Countless instagram posts dominate my feed about ‘red flags’ to observe in the dating game, that suggest you run for the hills with a biblical level of fear that may turn you to stone should you dare to glance back.
The trouble being if you approach the guru that is google there will be multiple lists of potential red flag behaviours with people believing they all relate to the doom of the duo that you so hoped you may be a part of. Most of the evidence gathered to outline such signs is done so retrospectively – after the event of a more imminent risky/harmful act being undertaken. Much like the neighbours of your local serial killers, who thought they were great until the bodies turn up and then suddenly their cheery good morning was a murderous warning. As humans we have a process called confirmation bias, we look for things to support what we already believe. Buy a red car notice the red cars. Believe in red flags, you’ve enough to play 18 holes, get completely ‘tee’d off’ and still feel under par.
All the mixed media messages about what to look for, simply create confusion. When we are confused we are more suggestible – open to believing what we hear – ultimately making us more at risk to real dangers, than the immediate red flags in our orbit that we are so keen we gather as much information as we can on. All this thinking, simply serves as an avoidance of feeling and removes us from that core survival strategy of gut instinct.
The reality in life is that we all have, Green, Red and Amber flags – the behaviours that’s fit into those categories will vary over time, over contexts and the categories will be evaluated differently for different people. People are not carbon copies of each other. If they were my job undertaking criminal risk assesments would not be necessary. There are individual differences that require in-depth assessments and observations over time and contexts.
None of this is to say that when we hit the realms of abusive behaviour this is something to be tolerated as it most certainly is not. However, the belief that we can predict the risk of this early on, from some isolated incidents is what can benefit from further exploration. Forensic risk assessment is based upon static and dynamic factors. Static being that history of behaviours is a marker for future behaviours and dynamic is about transient changing contexts that may reduce or increase the risk of the prior index incident. Historically, only static factors were considered in law and clinical settings. Meaning ‘they did it once so will do it again’. A prediction that no change is possible, a stuck position. Sometimes that ends up being true but sometimes it simply isn’t.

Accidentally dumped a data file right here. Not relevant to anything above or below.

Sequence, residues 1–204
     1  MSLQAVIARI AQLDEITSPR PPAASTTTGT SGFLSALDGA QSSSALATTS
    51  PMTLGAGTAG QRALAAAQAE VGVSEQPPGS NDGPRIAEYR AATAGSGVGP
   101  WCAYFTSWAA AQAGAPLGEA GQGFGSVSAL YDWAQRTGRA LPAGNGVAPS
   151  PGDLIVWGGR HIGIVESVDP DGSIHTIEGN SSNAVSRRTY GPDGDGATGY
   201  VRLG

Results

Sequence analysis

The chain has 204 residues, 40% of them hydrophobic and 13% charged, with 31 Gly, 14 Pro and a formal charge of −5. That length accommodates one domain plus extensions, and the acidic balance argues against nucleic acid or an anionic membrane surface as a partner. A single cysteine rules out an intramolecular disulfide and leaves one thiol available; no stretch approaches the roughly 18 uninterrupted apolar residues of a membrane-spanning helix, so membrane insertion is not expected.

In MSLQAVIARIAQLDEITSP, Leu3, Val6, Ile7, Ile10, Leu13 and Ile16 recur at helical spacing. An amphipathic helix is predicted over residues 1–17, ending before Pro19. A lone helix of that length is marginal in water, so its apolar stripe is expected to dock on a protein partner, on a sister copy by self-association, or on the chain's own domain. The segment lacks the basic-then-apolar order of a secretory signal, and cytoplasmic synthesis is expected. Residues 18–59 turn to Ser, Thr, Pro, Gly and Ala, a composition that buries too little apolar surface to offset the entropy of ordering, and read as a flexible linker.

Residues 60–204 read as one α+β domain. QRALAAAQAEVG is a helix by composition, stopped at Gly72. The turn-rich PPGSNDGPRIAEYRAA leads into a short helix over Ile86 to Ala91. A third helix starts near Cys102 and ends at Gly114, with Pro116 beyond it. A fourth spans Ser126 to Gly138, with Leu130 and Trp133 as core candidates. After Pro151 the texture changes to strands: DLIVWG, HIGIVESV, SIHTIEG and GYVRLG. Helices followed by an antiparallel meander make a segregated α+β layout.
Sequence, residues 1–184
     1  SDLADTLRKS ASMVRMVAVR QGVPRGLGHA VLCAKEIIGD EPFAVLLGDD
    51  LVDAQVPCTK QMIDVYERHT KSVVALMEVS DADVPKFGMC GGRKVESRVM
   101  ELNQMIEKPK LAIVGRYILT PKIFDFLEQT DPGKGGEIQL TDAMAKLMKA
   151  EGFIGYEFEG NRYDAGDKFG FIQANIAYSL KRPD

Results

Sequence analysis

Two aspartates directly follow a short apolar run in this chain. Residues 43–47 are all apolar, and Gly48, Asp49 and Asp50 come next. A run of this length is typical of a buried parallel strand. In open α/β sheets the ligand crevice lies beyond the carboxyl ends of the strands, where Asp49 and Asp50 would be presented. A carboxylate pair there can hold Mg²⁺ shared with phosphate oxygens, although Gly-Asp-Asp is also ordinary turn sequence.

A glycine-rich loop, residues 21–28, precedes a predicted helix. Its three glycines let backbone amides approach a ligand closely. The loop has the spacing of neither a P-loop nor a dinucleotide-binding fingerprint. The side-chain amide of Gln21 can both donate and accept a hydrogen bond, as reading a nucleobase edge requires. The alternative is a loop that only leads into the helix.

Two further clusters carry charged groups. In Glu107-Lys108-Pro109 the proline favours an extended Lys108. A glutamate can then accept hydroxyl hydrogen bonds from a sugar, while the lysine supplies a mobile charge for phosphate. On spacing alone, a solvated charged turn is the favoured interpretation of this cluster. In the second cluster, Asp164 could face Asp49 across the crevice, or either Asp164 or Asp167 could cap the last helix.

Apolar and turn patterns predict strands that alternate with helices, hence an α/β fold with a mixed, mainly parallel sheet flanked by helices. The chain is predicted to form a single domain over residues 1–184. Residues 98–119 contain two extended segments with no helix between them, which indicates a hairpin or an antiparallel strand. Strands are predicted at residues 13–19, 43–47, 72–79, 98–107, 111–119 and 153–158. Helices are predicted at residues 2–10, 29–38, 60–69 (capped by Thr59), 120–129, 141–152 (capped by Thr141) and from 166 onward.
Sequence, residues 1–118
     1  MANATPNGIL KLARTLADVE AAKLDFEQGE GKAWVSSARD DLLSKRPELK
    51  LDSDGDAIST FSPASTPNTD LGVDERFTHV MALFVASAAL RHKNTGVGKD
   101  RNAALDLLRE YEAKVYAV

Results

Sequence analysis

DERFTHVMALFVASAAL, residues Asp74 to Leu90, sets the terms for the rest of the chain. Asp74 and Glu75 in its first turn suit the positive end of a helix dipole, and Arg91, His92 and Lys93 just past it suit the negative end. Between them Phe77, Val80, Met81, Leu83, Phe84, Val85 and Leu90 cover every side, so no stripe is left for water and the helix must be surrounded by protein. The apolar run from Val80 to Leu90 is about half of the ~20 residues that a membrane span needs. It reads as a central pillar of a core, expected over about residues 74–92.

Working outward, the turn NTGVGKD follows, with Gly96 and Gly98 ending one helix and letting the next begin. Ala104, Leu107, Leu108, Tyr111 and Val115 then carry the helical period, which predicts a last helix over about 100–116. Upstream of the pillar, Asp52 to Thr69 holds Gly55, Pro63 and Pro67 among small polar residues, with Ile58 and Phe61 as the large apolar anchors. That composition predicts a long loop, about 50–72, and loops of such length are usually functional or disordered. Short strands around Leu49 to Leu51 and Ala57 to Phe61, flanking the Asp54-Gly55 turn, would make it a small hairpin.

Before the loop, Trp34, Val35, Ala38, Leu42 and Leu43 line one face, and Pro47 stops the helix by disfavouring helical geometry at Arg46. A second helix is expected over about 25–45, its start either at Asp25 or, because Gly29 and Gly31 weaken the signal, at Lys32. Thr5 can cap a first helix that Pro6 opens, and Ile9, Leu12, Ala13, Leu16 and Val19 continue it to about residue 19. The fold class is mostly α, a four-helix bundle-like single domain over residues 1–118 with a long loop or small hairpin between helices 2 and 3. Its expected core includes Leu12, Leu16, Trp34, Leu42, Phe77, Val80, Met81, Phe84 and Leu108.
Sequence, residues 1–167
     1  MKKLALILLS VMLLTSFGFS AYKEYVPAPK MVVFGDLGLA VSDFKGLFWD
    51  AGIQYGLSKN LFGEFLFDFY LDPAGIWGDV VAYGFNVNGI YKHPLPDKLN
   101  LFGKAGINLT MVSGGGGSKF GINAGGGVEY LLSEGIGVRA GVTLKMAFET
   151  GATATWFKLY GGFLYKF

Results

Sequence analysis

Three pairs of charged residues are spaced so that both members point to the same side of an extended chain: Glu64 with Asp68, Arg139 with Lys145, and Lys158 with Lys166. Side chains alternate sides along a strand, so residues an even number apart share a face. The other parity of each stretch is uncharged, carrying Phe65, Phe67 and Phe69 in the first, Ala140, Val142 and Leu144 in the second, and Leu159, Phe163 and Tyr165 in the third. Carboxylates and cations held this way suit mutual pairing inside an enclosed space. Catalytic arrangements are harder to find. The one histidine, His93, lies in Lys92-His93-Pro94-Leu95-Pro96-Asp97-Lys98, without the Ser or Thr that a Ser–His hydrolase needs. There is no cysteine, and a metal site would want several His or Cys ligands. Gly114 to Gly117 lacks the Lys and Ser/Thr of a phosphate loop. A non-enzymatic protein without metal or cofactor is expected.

Judging someone and sticking in the red flag after a few dates is taking a static approach. Often red flags emerge in the sourcing of players for the dating game, even before the first round has begun. Of course we are all within our rights to do this. Boundaries and dealbreakers are fine. But when you notice a pattern of no one appearing good enough, perhaps it’s time to turn the focus inwards to reflect on the reasons behind the fears felt and the belief that you must know something immediately as you will have no power to remove yourself, should a boundary be crossed for you, at a later stage. There is no rule that says because you didn’t see it coming you have to remain. You may have made the bed, invited someone in but you do not have to continue to lay in it.
The behaviours we see and label as a red flag e.g. interrupting and talking about themselves on a date, is a symptom of something going on underneath. That something can have many causes. There is much we all hide in our closets that do not always lead to the Narnia that is narcissism – the biggest red flag everyone seems to be diagnosing in minutes these days. I’m still pretty slow on the uptake taking a good 3-4 hours of clinical assessment, testing and sourcing of collateral information to offer a robust diagnosis.
While some symptoms we see may have underlying personality factors and be less transient. Others may be due to current life stressors, or negative thoughts and thinking errors a person has, rather than a part of their core belief system and a definition of who they are.
So if you’re finding yourself in a red flag frenzy, It is important to check your own thinking errors. Are you making assumptions? Do you really have evidence to support the label you have chosen? Is it the red of your own emotional brake lights being confused with an external red flag? What does seeing problems now help you feel better about? Avoidance is protective, what do you fear if you found a relationship that worked out?
Relationship red flags really serve the same function as their golf course counterparts. They have to be removed before we can score.
After the initial perceived sighting, believing your attribution of meaning to what you see is correct, closes the door to communication. The hole or the whole is blocked. Assumptions are the death of discourse. For growth to occur, you need to be curious about what a behaviour means to a person and if and why they may find it acceptable to behave in a way that you do not. This way you are not assuming and will be operating from a place of love not fear. You may not like the answers you are given but you are showing respect, you are empowered and you can then make a sound decision as to whether you want to continue the relationship. If we live in assumptions and close down communication then that response pattern itself, is a red flag we ourselves would fear, which ultimately is an act of disempowerment.